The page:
ANTIOCH, TN — The Metro Health Department issued a construction permit for the controversial gas compressor in Antioch, saying it meets air pollution standards.
The natural gas compressor proposed by Columbia Gulf Transmission for a tract on Barnes Road northwest of Lenox Village and near Old Hickory Boulevard and Mill Creek met with controversy from neighbors who argued that it was too close to residential areas and that the gas company could easily build the compressor in more isolated rural areas. Nevertheless, the federal government issued its permits, though construction stayed on hold awaiting the appropriate local approvals.
Antioch residents found common cause with people in Joelton fighting against a similar project by Tennessee Gas Pipeline proposed for a lot on Whites Creek Pike. Metro gave the OK to that project in June.
Tennessee Gas filed a federal lawsuit in February against Metro, seeking injunctions that would allow construction to move forward. The Metro Council passed an ordinance in 2015 saying that compressors couldn’t be built in agricultural-zoned areas and in 2016 sent a petition to the state’s Air Pollution Control Board asking that projects be required to comply with Metro Codes air-pollution standards before receiving air quality permits. Tennessee Gas argued Metro overstepped its authority because the federal Natural Gas Act gives pipeline power to the Federal Energy Regulatory Commission. The FERC issued the necessary permits to the pipelines and the parties agreed to a dismissal of the federal case in August.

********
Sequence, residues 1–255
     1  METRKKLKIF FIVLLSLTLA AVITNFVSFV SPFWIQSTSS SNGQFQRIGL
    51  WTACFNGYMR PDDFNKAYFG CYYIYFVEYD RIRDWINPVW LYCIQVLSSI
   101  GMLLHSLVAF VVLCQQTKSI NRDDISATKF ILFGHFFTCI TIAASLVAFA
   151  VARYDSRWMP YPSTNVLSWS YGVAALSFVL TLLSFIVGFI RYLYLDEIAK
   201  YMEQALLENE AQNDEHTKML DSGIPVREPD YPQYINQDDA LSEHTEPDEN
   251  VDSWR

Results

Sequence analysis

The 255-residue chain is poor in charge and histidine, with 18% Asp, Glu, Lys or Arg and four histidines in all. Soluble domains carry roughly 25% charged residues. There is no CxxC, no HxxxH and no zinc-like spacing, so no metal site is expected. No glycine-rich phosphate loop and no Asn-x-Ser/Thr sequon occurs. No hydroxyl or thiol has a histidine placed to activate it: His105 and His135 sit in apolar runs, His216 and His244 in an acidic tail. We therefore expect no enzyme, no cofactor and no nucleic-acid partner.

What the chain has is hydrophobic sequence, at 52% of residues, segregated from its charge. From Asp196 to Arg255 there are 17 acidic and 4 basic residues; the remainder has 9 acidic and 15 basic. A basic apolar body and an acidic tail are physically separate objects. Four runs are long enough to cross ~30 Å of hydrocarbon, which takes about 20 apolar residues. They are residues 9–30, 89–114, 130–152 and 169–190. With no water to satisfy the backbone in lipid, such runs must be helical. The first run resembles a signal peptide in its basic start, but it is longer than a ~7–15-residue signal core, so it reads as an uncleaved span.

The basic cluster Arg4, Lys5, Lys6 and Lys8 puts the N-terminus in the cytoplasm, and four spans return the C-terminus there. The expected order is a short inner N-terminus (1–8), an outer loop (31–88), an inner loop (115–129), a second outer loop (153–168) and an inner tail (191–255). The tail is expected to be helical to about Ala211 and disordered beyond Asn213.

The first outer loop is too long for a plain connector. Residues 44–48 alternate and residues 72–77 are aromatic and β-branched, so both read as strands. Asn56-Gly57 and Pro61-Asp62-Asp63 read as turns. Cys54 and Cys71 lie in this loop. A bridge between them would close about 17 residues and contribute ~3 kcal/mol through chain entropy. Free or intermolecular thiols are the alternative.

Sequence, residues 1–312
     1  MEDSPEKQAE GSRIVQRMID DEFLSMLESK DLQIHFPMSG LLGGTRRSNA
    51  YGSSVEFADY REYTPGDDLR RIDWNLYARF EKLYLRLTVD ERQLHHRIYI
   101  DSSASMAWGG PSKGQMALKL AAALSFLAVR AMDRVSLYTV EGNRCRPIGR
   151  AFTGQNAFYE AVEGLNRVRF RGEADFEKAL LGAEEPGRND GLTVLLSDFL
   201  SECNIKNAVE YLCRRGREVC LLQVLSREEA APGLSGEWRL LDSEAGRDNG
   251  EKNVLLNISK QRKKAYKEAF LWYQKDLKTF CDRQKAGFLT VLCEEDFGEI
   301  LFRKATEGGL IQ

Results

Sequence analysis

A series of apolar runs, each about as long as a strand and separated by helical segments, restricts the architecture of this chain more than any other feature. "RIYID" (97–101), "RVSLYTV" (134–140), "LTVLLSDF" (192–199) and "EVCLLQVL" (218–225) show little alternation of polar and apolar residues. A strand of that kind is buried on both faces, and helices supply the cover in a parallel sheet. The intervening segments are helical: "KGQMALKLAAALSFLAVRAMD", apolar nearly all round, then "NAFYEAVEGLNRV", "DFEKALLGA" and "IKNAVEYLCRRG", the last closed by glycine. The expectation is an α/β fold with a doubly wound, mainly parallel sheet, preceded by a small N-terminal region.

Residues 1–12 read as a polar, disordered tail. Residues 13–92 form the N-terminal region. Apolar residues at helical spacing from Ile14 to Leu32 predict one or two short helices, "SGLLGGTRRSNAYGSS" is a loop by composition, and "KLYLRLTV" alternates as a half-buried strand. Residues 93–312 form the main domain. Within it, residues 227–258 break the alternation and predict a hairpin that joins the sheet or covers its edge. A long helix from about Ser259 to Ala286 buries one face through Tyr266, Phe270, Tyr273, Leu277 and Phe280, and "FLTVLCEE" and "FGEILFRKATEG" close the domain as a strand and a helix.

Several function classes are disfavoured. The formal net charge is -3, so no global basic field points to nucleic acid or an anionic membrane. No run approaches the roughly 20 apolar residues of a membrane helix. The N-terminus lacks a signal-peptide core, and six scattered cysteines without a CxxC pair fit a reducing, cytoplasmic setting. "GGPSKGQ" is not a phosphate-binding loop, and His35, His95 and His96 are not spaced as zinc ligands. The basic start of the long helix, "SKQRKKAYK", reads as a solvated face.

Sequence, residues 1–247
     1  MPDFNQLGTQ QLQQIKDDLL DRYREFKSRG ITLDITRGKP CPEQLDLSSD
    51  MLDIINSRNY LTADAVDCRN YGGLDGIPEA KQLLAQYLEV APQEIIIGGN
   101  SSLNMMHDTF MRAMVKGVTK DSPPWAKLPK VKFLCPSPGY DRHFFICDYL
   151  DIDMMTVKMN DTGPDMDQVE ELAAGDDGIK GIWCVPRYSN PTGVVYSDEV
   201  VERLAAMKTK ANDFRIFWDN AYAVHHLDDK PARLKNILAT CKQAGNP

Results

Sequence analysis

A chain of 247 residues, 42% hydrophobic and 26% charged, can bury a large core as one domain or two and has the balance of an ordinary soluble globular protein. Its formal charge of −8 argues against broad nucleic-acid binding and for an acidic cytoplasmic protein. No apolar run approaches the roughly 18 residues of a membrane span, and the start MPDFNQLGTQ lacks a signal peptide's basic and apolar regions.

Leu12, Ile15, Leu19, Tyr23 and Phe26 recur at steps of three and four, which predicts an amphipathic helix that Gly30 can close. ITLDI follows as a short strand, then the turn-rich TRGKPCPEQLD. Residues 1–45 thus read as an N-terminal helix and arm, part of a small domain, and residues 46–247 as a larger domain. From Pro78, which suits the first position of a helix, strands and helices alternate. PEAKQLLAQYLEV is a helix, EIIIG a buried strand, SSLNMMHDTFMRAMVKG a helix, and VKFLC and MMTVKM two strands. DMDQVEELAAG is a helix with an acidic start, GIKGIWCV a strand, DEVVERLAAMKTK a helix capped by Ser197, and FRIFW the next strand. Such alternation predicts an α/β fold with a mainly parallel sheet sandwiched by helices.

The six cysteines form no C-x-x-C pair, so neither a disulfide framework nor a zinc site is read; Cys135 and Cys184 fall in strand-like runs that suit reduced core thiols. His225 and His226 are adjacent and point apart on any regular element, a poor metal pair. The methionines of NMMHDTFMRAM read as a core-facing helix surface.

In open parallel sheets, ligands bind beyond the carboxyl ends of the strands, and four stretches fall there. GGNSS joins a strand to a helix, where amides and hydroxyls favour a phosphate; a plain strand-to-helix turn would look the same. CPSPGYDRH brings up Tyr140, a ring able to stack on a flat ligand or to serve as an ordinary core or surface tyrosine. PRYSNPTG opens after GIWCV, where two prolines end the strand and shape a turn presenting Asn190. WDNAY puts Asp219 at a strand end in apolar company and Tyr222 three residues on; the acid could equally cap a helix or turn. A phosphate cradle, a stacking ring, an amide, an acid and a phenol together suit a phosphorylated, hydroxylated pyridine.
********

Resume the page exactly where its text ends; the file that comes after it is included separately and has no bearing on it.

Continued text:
The permits and responses to public comment for both projects are available online.
Image via Metropolitan Government of Nashville and Davidson County